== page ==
Good of an intro as any for a weather report: We’ve really lucked out because it has been GORGEOUS. In the sixties, clear blue skies, just perfect. However the nights have been cold and we couldn’t get our heater working. Turns out it wasn’t broken, we were just being Americans. Thankfully a more knowledgeable ami helped us out and we now have heat! So far I’ve heard that it doesn’t snow all that much in Besançon but hopefully some connections with assistants in smaller towns outside the city will get me to some real, real, snow. Not like the “snow” in Baton Rouge over finals week last December, but SNOW. Skiing may also be in my future, once my French health insurance kicks in.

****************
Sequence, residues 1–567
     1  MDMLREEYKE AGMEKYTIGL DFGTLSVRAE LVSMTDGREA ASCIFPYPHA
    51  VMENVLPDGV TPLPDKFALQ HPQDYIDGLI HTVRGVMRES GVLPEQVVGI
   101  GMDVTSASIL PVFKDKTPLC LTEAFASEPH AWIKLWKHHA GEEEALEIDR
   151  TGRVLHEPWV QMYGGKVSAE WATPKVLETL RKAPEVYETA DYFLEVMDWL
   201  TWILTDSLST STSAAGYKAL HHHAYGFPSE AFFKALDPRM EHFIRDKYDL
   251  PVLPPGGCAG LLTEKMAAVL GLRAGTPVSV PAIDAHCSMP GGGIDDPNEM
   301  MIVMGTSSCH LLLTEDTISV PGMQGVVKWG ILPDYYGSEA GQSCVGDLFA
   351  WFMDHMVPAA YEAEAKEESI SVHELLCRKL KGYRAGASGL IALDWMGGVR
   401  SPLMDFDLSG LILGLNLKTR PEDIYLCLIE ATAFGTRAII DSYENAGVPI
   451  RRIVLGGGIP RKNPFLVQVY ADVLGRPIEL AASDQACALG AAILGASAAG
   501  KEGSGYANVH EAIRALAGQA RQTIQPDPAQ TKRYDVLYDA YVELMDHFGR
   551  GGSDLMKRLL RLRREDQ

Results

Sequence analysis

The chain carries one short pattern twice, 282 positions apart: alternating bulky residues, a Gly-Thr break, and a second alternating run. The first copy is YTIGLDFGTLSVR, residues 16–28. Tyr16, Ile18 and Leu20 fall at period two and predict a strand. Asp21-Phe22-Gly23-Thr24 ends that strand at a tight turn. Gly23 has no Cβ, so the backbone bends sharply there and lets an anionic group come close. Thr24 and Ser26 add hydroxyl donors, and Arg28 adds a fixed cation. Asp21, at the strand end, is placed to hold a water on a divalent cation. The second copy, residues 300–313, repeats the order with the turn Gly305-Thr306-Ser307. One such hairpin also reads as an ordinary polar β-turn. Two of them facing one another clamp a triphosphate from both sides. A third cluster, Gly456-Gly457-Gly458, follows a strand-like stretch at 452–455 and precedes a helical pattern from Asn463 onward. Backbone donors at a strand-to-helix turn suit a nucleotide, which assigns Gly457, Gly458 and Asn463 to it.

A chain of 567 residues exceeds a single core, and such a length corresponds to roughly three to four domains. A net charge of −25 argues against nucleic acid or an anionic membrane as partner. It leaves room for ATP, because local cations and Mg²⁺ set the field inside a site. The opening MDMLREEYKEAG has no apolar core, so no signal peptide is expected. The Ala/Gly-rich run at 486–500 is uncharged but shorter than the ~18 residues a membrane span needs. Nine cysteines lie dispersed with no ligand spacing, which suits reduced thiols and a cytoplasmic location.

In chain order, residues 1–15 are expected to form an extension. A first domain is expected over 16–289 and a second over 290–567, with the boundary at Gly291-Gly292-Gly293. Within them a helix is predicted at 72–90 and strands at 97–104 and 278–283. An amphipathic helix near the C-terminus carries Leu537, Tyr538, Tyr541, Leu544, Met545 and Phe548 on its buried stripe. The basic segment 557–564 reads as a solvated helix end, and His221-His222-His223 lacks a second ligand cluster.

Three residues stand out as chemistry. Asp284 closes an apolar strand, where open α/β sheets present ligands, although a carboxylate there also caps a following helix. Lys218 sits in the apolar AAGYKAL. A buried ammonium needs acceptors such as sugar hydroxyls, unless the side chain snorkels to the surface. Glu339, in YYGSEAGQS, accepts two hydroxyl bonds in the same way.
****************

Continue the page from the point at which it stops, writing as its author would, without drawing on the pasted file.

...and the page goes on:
OK, now about my teaching. Which is, as far as the French government is concerned, the reason I’m here. The department held a large meeting of all the assistants Monday, which basically consisted of eight hours of information and paperwork. Up until now, I’ve been so preoccupied with the move that I haven’t thought much about the actual job. I officially started my elementary school post last Thursday. I’m teaching all the classes, ages 6-10, and pretty much have all the lesson planning and teaching responsibility. The other teachers have warned me that discipline is a big problem, and since the children can already tell that I don’t speak awesome French (they laugh at my accent) I’m thinking commanding respect and attention is going to be difficult… but I’m just observing the first two weeks and I’ll be getting some help from the school and from a few workshops with the department so I’ll be able to put on a better game face soon. I find the French government a little crazy to give me this much responsibility with absolutely no experience. Teaching will definitely present a challenge, but it’s a mission I accepted and from which I now I’ll learn a ton about myself, and the language, and working in general. Hopefully, it will be a small price to pay for the experience of living in France.